The UN declared that the current mission to salvage the ageing FSO Safer tanker is going on efficiently and that the much-awaited transfer of over a million barrels of crude oil to a new one from the tanker will commence “soon.”
The preparation of the FSO Safer for offloading oil has progressed satisfactorily, per Russell Geekie, the communications advisor associated with the UN Humanitarian Coordinator David Gressly, informed Arab News.
He said that relevant authorities expect Nautica, the replacement vessel, to sail to the Safer site from Djibouti soon to take on oil. Once it starts, the transfer mission will take nearly two weeks. Following years of resistance, the Iran-backed Houthis allowed international engineers to board the deteriorating FSO Safer tanker moored in western Yemen, off Hodeidah.
Update on #FSOSafer – more on the inspection to prepare for the ship-to-ship transfer of 1.14M barrels of oil, which is threatening a humanitarian & environmental disaster.
— UN Development (@UNDP) July 6, 2023
Local and international environmentalists and officials have long warned of a massive ecological catastrophe in the Red Sea if the vessel exploded/fell apart. It hasn’t been subjected to normal maintenance activities since the Houthis took control of the Hodeidah province in 2015. Photographs of seawater flowing into the rooms of the tanker as rust bites away at the walls have managed to grab international attention over the past three years.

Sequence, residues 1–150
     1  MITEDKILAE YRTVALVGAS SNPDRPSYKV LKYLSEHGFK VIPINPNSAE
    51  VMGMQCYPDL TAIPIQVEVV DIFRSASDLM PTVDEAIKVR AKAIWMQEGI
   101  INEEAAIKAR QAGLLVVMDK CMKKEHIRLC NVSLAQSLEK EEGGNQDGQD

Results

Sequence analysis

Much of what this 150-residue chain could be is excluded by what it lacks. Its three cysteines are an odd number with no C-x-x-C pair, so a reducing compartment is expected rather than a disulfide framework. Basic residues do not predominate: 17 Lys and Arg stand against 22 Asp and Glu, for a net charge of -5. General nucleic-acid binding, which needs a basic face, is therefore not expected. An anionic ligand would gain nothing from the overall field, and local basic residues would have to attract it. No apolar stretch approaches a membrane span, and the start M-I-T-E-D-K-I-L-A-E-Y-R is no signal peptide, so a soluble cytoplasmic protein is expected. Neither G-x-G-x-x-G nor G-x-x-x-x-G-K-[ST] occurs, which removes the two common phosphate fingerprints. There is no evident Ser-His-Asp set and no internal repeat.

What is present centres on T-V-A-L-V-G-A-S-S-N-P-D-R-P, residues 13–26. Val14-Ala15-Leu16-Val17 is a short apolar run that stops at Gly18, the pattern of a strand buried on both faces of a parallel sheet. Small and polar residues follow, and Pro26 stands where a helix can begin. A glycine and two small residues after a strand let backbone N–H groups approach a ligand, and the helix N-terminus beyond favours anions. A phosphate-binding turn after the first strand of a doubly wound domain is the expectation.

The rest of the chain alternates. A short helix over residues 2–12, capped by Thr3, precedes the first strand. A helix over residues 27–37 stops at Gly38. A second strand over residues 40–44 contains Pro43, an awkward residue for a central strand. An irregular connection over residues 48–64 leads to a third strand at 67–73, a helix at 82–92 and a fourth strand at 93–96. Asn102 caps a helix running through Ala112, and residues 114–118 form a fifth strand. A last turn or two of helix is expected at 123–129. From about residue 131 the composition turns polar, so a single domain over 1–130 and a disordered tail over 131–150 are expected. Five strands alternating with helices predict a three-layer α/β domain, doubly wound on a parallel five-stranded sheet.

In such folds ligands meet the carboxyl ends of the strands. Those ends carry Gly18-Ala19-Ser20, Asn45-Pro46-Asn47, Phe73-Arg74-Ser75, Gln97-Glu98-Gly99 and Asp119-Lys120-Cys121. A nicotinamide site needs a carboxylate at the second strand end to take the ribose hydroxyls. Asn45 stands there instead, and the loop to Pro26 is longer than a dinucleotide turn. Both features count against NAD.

The UN official further mentioned that even if the tanker were unloaded, it would pose a threat, pleading for extra donations to execute the mission, which involves attaching the new vessel to the anchor leg and recycling the tanker.
Even following the oil transfer, the Safer will continue posing a residual ecological threat. The ageing tanker will still have some viscous oil and remain at the potential risk of breaking apart, Geekie explained.
To get done with the work the UN has begun, additional funding of $28 million is urgently needed, including towing the Safer to a green recycling yard and securely tethering the replacement vessel to a catenary anchor leg mooring buoy to facilitate safe storage of oil.
Officials associated with Yemen’s internationally recognized government mentioned that the UN had informed them that the first phase of the salvage operation was completed. During that phase, the engineers examined the level of wall erosion and further introduced inert gas to the ship to lower the oxygen content to prevent a fire.
The tanker is set for unloading, a Yemeni government official informed Arab News, further adding that the Yemeni government, in association with the UN, had also set up three emergency rooms in Hodeidah, Aden, and the Red Sea Mocha for monitoring the transfer of the crude.
Reference: thedefenderng, arab news, onenewspage
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